The Financial Services Commission (FSC) is the central fiscal regulator in South Korea. Following the new crypto trading requirements issued by the regulatory authority last month, many of the local crypto enterprises apply for new registration with FSC. However, the native crypto exchanges have gone on to overlook the new regulations.
The cold war between the local cryptocurrency exchange markets and the South Korean regulators has been going on for the better part of the current year.
Financial Services Commission is Making New Policies to Regulate Crypto Sector
One of the main reasons that encourage the local South Korean exchange from complying with the FSC regulations is the suspicion of monopoly. These industry actors claim that they are ensuring the registration of their users under authentic names like the local banks. However, the FSC regulators argue that to protect the interest of small investors, better security measures are necessary.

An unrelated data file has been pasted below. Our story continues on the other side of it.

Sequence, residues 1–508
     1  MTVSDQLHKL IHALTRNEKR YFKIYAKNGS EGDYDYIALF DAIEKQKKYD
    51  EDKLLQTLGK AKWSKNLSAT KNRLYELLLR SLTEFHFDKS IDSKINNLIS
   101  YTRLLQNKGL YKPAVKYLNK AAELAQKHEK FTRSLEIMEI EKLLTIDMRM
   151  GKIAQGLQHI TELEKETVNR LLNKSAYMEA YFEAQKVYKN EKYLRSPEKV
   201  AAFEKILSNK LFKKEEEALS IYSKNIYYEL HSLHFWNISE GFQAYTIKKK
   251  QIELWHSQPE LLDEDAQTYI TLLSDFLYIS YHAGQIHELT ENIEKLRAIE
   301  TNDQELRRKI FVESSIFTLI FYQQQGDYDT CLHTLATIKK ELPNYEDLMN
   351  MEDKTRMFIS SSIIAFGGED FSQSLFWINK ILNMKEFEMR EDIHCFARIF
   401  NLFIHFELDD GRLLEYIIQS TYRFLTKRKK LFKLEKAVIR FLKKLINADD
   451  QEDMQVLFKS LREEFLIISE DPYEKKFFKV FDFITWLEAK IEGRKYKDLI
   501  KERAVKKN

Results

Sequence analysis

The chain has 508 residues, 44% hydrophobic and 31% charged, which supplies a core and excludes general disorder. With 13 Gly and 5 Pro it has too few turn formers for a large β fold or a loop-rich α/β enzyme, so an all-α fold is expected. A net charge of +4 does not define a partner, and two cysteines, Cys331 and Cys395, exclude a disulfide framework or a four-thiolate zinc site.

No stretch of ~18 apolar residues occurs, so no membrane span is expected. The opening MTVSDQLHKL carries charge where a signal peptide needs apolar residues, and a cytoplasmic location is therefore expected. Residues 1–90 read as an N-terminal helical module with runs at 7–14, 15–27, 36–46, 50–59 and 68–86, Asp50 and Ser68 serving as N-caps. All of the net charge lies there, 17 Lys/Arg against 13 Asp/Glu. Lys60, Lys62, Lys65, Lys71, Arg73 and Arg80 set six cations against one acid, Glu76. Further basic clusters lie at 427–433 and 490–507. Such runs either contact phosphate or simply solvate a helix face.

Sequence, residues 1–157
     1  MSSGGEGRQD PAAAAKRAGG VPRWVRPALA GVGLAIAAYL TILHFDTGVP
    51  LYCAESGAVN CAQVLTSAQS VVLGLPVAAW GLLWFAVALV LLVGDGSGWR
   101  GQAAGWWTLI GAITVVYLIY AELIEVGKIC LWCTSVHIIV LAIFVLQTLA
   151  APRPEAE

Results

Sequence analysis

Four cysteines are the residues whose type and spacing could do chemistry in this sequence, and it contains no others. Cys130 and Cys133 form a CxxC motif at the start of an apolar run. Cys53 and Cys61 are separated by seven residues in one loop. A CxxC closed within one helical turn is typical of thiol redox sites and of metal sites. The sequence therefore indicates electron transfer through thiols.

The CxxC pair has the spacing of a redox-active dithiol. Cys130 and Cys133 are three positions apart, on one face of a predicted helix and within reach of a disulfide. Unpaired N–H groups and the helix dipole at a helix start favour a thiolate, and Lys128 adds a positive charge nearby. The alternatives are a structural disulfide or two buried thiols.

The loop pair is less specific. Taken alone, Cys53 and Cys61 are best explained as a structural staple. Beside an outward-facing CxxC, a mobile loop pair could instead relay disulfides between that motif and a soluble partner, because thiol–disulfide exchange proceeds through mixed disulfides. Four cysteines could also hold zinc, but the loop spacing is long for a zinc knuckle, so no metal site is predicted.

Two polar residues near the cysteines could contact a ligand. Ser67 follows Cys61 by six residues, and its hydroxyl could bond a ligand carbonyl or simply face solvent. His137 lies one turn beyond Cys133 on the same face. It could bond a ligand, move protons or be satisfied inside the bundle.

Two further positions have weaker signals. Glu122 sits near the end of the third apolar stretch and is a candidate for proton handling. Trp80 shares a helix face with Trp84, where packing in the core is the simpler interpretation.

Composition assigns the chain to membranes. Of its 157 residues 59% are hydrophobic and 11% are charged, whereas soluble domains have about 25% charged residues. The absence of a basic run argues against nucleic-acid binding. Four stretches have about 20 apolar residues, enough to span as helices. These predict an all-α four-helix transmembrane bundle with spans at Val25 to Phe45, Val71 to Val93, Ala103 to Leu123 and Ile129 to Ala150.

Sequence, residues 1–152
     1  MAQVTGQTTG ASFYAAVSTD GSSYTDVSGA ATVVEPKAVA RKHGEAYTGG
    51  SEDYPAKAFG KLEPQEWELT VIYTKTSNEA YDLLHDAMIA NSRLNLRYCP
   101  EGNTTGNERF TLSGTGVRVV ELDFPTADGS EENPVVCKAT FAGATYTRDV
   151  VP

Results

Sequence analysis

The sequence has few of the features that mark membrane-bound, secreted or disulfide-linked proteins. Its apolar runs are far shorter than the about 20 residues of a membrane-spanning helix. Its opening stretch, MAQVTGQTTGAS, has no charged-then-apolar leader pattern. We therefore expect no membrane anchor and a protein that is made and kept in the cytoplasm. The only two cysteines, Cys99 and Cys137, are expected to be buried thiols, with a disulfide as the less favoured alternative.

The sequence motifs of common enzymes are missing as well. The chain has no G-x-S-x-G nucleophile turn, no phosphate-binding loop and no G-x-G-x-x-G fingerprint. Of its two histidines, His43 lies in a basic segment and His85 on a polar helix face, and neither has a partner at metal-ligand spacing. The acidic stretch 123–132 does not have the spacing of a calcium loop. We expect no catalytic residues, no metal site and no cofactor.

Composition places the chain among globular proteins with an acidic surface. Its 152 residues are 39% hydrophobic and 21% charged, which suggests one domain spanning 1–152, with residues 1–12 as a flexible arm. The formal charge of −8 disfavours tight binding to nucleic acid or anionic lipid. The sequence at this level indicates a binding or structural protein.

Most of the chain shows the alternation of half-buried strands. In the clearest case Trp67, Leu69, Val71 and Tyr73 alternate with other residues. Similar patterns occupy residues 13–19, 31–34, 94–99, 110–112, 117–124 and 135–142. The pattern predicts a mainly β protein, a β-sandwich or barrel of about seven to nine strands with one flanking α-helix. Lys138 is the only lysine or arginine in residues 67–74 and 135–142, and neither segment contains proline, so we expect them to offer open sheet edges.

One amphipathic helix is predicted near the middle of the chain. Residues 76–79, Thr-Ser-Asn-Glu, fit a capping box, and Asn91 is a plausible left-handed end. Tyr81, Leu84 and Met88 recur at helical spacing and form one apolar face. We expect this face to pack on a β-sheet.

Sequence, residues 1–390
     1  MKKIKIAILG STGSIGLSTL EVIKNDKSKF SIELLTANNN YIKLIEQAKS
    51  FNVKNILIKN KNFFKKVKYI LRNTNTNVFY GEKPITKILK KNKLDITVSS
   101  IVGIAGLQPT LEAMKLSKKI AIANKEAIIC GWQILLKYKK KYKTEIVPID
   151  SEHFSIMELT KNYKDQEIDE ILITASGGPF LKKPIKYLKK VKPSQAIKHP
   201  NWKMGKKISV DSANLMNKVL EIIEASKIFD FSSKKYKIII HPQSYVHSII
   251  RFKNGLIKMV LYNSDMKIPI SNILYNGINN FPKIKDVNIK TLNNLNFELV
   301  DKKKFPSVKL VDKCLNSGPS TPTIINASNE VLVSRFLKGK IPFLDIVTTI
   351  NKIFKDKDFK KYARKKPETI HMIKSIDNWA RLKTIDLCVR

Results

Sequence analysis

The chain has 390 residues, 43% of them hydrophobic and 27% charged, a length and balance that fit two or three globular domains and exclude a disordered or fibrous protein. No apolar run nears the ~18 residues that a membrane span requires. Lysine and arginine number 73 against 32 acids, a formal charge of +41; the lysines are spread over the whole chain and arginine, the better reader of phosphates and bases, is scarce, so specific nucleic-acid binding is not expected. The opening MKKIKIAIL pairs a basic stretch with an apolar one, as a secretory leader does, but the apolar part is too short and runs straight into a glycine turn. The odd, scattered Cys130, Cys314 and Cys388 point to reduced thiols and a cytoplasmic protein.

On the other hand, the South Korean banks have refrained from performing any financial audit or risk management survey to ensure the security of their account holders. Only four exchanges, i.e., Coinone, Korbit, Upbit, and Bithumb, have the financial back-up from the banks. These four exchanges also make up for 90% of the total trade volume for cryptocurrencies in South Korea.
Kimchi coins are the placeholders for small tokens that are listed on cryptocurrency startups based in South Korea. As per Kim Hyoung-Joong, a professor at Korea University, if the FSC does not soften its stance on the local crypto markets, it can result in the loss of 42 Kimchi coins. Furthermore, 40 out of the total 60 native crypto exchange platforms based in South Korea can go out of commission.
President of the Korea Finance Consumer Federation, Cho Yeon-haeng, recently told the media that the sudden closure of these native crypto trading platforms would result in huge investor losses. Meanwhile, FSC authorities have directed the local exchange operators to issue a warning of withdrawal to their consumers as soon as possible. Many experts believe that the government is trying to discourage the young investors’ practice of drawing out heavy loans for risky crypto investment in the COVID economy.